Balding or Graying Young Men May Face a Higher Heart Disease Risk

Man looking in mirror
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If losing your hair early and going gray isn’t enough of a downer, studies have also found that premature balding may be linked to increased risk of prostate cancer—and that all of those gray hairs may mean that your life is too stressful.

Well, fellas, it gets worse.

Those two depressing indicators of aging may also be associated with an increased coronary artery disease risk in guys 40 years old and under, according to new research recently presented at the annual conference of the Cardiological Society of India.

Scientists looked at almost 800 Indian men under age 40 with coronary artery disease, and then matched them to a control group of more than 1,200 similarly aged men without the disease. The docs gave the men a full battery of tests—electrocardiograms, blood tests, angiograms, etc.—and then rated them on a baldness and graying hair scale. The doctors then compared those results, along with incidence lesions that indicate early heart disease.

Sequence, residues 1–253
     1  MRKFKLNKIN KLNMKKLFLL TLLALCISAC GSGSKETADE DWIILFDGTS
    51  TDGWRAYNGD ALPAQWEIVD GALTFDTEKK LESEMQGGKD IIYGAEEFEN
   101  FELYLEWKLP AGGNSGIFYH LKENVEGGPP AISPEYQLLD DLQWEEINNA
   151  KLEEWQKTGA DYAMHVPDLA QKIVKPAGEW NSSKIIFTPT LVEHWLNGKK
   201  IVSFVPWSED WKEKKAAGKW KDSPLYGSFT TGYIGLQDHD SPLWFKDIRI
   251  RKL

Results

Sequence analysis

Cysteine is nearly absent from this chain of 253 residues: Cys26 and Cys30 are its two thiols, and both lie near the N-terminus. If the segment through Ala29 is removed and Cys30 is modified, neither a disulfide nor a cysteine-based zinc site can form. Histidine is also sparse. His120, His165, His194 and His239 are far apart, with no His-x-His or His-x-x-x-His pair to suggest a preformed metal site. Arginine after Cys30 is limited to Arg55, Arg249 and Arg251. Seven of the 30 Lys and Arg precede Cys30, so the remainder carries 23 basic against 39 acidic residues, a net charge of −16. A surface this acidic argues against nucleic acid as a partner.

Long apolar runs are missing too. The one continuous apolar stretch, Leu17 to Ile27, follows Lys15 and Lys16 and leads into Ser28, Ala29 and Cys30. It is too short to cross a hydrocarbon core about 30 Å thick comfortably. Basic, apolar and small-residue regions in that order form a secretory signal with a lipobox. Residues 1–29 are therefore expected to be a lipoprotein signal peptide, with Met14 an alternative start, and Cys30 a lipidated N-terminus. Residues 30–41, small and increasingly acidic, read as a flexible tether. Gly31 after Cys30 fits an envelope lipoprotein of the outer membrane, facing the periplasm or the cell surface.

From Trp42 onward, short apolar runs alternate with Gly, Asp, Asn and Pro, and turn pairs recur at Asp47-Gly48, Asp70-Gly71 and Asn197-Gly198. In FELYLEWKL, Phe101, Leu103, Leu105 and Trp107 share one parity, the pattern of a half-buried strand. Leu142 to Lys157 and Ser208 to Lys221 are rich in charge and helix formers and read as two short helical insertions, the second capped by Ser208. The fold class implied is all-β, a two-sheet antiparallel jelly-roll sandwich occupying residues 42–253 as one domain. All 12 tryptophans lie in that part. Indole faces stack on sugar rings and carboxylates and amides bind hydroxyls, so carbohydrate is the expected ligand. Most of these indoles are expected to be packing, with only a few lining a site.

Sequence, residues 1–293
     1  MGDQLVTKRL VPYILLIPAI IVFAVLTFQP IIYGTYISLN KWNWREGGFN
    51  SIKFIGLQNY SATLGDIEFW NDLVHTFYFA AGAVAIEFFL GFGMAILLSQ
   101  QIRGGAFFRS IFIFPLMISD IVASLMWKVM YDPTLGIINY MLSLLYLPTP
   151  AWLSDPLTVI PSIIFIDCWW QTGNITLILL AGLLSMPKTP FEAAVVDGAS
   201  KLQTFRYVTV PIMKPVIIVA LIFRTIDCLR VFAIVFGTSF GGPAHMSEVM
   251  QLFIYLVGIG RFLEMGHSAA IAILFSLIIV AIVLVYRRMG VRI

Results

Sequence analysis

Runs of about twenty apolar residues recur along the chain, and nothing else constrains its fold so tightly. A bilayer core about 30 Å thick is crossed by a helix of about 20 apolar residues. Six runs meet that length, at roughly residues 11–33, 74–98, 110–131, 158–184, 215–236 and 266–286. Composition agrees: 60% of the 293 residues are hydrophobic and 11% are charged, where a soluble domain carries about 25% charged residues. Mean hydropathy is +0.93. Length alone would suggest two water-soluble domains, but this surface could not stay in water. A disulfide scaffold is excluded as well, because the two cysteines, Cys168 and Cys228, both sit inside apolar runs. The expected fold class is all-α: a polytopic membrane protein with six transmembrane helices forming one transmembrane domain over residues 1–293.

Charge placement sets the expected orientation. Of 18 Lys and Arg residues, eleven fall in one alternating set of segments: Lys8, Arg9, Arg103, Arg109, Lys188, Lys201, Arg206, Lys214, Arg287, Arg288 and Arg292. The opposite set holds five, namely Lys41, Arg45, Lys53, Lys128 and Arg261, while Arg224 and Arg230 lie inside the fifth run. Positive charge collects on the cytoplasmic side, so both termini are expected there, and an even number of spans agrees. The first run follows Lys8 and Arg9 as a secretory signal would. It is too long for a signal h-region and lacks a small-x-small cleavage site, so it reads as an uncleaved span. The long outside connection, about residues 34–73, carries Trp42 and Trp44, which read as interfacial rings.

The findings? Some 50% of the men with coronary artery disease had premature graying, versus 30% without whitening hair. The bald guys, meanwhile, were five times more likely to get heart disease. The gray-haired young men were also four times more likely to develop CAD, which closely matched with the risk increase from being obese.

Bottom line: “Baldness and premature greying should be considered risk factors for coronary artery disease,” said study head, Kamal Sharma, M.D., associate professor in the department of cardiology at the U.N. Mehta Institute of Cardiology and Research Center. “These factors may indicate biological, rather than chronological, age which may be important in determining total cardiovascular risk. Currently, physicians use common sense to estimate biological age, but a validated scale is needed.”

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